April 26, 2011 3:57PM

The Ben Bernanke Variety Hour

April 27th begins a new chapter in Federal Reserve history: the Fed joins other major central banks in having a press conference after its monetary policy meetings (the Federal Open Market Committee). Apparently the record lows in public support for the Fed, along with rising gas and food prices, have driven Bernanke to attempt to change the narrative. After all, his appearance on “60 Minutes” did wonders for the Fed’s reputation. I’m excited to hear even more about his childhood in Dillon, South Carolina or his time working at South of the Border. Maybe an enterprising reporter could ask how much menu prices at South of the Border have increased since Bernanke took over the Fed.

Perhaps you’ve noticed that I don’t have high expectations for his press conference. It is probably fair to say that no Federal Reserve Chair has had as much public exposure as Bernanke. Yet with all those public appearances, he has consistently managed to avoid any real discussion about the costs and benefits of the Fed’s actions. Are we likely to hear concern about food and gas prices, and how such are being driven by loose money? Probably not…just more on how increasing world demand is to blame. Just like it was the “global savings glut” that drove interest rates earlier this decade, it is always somebody else’s fault — never the Fed’s. They are capable of only good.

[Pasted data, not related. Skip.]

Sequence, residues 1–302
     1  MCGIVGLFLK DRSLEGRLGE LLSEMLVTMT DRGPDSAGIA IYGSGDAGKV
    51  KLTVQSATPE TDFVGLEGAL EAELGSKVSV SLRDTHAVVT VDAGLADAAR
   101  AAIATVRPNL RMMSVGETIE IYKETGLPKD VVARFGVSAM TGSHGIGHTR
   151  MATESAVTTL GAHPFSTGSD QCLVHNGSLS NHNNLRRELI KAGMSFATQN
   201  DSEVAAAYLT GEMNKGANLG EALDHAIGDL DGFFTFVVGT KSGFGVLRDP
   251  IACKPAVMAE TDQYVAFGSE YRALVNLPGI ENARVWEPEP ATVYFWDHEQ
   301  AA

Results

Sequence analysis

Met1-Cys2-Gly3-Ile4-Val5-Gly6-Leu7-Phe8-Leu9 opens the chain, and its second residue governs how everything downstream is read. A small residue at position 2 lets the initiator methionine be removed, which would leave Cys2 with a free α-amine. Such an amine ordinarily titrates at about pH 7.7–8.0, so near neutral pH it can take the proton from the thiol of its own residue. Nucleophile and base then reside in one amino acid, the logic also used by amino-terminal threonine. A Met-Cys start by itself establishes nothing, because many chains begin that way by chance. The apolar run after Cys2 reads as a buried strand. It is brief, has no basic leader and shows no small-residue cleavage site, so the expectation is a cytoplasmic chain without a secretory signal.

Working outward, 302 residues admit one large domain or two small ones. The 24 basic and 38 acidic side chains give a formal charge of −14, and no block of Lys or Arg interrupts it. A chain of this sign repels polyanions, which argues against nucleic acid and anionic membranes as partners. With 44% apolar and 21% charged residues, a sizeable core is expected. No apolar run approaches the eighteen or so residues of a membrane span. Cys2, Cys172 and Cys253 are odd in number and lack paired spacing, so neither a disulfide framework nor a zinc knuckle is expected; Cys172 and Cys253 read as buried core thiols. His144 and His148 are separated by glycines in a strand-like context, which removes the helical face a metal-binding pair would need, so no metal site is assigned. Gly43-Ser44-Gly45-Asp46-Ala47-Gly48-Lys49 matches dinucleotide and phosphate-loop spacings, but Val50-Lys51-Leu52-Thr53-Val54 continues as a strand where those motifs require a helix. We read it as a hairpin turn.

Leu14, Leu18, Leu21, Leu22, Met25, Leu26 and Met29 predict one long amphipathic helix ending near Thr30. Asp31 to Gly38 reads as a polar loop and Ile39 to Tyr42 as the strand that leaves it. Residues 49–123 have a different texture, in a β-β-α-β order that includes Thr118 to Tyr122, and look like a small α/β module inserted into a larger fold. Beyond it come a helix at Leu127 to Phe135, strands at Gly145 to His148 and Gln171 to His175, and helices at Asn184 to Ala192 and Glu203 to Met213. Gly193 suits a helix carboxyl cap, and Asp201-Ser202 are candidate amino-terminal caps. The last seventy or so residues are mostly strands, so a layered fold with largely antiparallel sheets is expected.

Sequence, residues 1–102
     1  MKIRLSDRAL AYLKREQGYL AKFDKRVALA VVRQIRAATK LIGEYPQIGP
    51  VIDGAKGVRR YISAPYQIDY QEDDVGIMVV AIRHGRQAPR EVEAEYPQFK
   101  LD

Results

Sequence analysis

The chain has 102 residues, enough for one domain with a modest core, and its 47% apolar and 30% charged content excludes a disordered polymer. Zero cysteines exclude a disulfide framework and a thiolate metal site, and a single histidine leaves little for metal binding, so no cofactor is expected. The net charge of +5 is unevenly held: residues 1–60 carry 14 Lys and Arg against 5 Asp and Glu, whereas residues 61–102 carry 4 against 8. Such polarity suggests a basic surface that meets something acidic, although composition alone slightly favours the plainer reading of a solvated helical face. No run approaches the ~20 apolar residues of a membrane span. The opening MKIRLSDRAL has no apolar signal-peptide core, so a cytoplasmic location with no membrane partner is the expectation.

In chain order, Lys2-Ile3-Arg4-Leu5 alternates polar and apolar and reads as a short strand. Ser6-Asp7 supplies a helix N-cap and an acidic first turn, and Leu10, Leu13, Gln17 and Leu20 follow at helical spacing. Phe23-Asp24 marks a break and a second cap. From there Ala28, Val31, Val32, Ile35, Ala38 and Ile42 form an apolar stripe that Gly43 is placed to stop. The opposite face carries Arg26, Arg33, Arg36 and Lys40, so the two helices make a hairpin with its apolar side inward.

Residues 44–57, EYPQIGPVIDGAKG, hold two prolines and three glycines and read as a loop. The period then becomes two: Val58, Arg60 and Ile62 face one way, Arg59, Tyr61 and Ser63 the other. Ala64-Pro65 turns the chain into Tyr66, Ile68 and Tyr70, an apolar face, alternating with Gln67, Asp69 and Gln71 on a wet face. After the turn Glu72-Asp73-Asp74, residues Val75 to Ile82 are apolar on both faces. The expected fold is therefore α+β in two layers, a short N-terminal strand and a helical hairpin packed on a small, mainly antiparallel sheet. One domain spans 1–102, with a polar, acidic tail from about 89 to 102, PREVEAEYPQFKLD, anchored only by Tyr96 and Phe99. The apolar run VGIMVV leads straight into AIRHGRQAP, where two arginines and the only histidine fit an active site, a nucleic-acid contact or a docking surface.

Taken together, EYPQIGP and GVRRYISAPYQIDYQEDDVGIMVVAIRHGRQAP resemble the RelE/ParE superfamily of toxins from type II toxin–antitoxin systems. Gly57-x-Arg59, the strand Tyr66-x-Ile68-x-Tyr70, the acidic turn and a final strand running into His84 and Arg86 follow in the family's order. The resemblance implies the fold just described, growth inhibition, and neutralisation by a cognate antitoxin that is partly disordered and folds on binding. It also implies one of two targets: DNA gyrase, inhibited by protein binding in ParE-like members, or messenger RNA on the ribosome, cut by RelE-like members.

Hopefully Bernanke will at least avoid the Obama line that it is those “speculators” that are behind the increase in energy prices. After all, if we believe the governments of Europe, those evil speculators brought down Greece too.

As per usual, I truly hope I’m wrong here. Bernanke has a real opportunity to be honest and straightforward with the American public. We don’t need another lecture. We need to hear that the Fed isn’t a slave to some imaginary Phillips Curve or that we can’t have inflation with slack in the economy (where was Bernanke in the 1970s?). The real risk is that Bernanke uses the press conference to drown out the many voices of concern and dissent on the FOMC. Which, of course, would be a real irony given all of Bernanke’s talk about “democratizing” the Fed when he first became chair.